Operations Focus

By Tim Connor, Rodeo! Performance Group, Inc.

Lean is an approach to process improvement that is well-known in manufacturing, but which can be applied to any process. These “S’s” originated in Japan, and help build an environment conducive to a smooth-running process.

Lean is an approach to process improvement that is well-known in manufacturing, but which can be applied to any process. These “S’s” originated in Japan, and help build an environment conducive to a smooth-running process.

Sort

Begin by eliminating unnecessary items from the work area. “Red Tagging” is an effective visual method used to identify unneeded items, which can then either be moved to a central holding area or discarded completely. This step frees up valuable floor space, removes broken or obsolete tools and fixtures, and makes it easier to focus on the job.

Set in Order

The second S focuses on careful storage so the job can be carried on effectively. These are the questions to be asked:

  • What do I need to do my job?
  • Where should I locate this item?
  • How many of this item do I need?

Other strategies for Set in Order are painting schemes that support the work, outlining work areas, shelving and cabinets for necessary items, and standard places for tools and materials needed every day. “A place for everything and everything in it’s place” is a good American version of this S.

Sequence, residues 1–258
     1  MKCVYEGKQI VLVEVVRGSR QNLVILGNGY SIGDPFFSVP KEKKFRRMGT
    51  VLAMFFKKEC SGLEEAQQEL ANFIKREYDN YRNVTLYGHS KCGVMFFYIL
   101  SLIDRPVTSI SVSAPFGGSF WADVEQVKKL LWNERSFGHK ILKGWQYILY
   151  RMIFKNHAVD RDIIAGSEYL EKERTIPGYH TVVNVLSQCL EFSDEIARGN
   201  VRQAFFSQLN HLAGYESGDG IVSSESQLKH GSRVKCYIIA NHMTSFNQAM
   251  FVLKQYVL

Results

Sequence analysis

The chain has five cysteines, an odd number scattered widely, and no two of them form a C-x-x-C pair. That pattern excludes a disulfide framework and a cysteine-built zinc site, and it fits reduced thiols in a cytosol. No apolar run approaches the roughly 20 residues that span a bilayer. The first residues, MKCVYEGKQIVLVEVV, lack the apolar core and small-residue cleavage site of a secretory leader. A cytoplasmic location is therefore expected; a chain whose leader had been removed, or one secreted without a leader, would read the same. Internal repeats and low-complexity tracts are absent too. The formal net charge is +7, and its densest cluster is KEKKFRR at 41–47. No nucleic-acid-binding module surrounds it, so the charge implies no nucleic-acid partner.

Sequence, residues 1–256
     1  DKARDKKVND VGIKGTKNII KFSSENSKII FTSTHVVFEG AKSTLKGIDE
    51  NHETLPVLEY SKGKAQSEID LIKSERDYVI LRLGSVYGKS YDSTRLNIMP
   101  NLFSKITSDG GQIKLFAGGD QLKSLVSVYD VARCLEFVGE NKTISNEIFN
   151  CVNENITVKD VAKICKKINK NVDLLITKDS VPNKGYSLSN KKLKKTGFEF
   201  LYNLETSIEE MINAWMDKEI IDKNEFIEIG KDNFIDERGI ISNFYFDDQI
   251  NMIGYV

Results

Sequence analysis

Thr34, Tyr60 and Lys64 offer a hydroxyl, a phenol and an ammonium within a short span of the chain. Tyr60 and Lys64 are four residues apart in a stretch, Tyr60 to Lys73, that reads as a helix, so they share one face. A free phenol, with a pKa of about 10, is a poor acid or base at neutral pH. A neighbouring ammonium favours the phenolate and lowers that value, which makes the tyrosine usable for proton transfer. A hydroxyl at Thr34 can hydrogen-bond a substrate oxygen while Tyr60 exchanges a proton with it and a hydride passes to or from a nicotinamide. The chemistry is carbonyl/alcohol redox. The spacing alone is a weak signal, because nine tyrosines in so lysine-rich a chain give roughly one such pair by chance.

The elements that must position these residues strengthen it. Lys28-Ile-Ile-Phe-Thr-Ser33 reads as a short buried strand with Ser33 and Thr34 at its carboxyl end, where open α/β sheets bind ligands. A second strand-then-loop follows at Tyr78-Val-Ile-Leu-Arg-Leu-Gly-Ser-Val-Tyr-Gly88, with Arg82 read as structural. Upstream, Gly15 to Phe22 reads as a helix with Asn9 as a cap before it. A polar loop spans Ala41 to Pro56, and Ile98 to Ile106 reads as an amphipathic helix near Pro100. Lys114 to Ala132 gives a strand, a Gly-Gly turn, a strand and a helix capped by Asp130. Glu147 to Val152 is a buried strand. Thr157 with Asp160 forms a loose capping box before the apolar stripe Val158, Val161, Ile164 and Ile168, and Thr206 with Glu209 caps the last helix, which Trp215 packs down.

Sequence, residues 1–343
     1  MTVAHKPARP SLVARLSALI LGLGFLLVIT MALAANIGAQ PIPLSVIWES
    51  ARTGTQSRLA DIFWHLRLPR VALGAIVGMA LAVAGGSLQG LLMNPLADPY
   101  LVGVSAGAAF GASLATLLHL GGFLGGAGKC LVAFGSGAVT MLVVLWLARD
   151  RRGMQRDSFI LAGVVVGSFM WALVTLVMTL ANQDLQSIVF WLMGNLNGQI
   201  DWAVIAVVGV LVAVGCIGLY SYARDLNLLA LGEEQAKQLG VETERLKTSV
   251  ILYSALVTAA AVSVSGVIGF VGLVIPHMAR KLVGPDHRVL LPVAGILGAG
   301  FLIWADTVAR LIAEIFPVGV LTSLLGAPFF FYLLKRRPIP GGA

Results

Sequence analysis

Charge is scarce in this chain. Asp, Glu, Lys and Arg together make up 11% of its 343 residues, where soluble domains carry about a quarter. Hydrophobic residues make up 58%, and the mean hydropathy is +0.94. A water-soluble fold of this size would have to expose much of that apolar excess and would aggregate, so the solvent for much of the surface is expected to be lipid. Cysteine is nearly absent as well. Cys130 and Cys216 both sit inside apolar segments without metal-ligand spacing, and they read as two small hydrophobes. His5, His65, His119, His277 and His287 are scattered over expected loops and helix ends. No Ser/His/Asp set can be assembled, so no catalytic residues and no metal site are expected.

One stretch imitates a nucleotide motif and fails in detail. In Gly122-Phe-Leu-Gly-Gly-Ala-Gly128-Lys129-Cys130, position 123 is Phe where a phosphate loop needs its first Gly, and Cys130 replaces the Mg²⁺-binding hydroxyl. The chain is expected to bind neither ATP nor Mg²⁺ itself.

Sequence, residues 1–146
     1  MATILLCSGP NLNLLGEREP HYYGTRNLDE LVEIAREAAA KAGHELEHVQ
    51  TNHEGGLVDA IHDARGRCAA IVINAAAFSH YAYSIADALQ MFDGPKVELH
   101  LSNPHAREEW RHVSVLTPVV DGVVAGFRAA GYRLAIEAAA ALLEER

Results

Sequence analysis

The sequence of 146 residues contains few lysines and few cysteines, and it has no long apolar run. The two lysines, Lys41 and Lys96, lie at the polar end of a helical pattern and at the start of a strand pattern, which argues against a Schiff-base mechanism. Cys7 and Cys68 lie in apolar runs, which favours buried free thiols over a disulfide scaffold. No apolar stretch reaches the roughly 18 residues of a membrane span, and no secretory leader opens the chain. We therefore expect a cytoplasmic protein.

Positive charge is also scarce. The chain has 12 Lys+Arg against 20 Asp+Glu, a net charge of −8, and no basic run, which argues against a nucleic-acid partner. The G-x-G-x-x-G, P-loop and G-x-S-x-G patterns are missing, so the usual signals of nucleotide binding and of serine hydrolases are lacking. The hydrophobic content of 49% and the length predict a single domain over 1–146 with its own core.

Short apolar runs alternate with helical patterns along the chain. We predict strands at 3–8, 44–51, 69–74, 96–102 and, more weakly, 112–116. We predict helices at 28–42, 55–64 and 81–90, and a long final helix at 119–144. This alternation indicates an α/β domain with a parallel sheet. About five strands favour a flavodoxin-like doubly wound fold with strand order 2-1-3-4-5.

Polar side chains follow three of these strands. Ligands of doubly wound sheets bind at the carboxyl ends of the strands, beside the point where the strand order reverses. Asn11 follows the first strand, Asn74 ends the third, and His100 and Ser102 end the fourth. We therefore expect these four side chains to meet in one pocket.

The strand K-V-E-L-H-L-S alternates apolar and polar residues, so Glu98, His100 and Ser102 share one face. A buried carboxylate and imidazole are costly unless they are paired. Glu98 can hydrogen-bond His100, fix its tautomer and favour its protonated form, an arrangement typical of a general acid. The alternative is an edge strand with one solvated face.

Shine

Once the first two steps are completed, and the work space is clear with needed work items in their places, it’s time to thoroughly clean the work area. Why? Because a clean and orderly area makes work easier, raises morale, and really helps staff take pride and ownership in their work and work space. A clean area also makes it easier to spot leaks, deterioration of equipment, misalignments, and broken parts that ultimately lead to equipment failure and loss of production. The impact of the clean work space will show itself in several ways on the bottom line.

Standardize

This step should always involve the staff from the job or area. There are always best practices within a work function, and the first step is to find these practices and bring them to the table. The staff discuss these and come to agreement as to the best, making these the standard for all work in that particular area. But don’t stop with internal best practices, encourage staff to look outside the company, even in other industries. Southwest Airlines benchmarked the Woods Brothers pit team in NASCAR to see how their fast, effective turnaround of vehicles might have application in the airlines.

Sustain

This last step aims at keeping the new changes in place, and it’s the toughest to implement. Why? Because people build habits, and even when those habits are tied to poor methods of work, they’re used to them and find it hard to change. Find ways to reward maintenance of these new changes, especially during the first 3 months. You will find production up, and morale and company pride on the increase.